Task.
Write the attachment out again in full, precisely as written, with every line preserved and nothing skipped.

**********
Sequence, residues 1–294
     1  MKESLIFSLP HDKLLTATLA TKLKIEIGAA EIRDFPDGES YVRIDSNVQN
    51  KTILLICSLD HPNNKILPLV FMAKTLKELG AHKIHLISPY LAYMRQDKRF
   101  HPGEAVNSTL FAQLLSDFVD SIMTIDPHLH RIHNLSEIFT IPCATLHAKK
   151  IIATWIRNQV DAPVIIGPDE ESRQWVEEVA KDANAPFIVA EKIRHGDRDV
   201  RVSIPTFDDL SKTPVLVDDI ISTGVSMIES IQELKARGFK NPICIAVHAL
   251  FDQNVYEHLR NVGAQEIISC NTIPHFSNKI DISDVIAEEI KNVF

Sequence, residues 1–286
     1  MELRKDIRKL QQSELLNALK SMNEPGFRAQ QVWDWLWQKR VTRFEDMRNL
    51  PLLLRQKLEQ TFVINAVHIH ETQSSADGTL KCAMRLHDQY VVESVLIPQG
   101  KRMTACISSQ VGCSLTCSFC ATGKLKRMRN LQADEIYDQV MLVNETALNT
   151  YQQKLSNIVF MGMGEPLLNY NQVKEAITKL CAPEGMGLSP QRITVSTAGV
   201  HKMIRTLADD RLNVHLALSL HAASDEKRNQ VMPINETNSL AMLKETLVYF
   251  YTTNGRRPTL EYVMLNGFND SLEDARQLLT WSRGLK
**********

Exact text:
Sequence, residues 1–294
     1  MKESLIFSLP HDKLLTATLA TKLKIEIGAA EIRDFPDGES YVRIDSNVQN
    51  KTILLICSLD HPNNKILPLV FMAKTLKELG AHKIHLISPY LAYMRQDKRF
   101  HPGEAVNSTL FAQLLSDFVD SIMTIDPHLH RIHNLSEIFT IPCATLHAKK
   151  IIATWIRNQV DAPVIIGPDE ESRQWVEEVA KDANAPFIVA EKIRHGDRDV
   201  RVSIPTFDDL SKTPVLVDDI ISTGVSMIES IQELKARGFK NPICIAVHAL
   251  FDQNVYEHLR NVGAQEIISC NTIPHFSNKI DISDVIAEEI KNVF

Sequence, residues 1–286
     1  MELRKDIRKL QQSELLNALK SMNEPGFRAQ QVWDWLWQKR VTRFEDMRNL
    51  PLLLRQKLEQ TFVINAVHIH ETQSSADGTL KCAMRLHDQY VVESVLIPQG
   101  KRMTACISSQ VGCSLTCSFC ATGKLKRMRN LQADEIYDQV MLVNETALNT
   151  YQQKLSNIVF MGMGEPLLNY NQVKEAITKL CAPEGMGLSP QRITVSTAGV
   201  HKMIRTLADD RLNVHLALSL HAASDEKRNQ VMPINETNSL AMLKETLVYF
   251  YTTNGRRPTL EYVMLNGFND SLEDARQLLT WSRGLK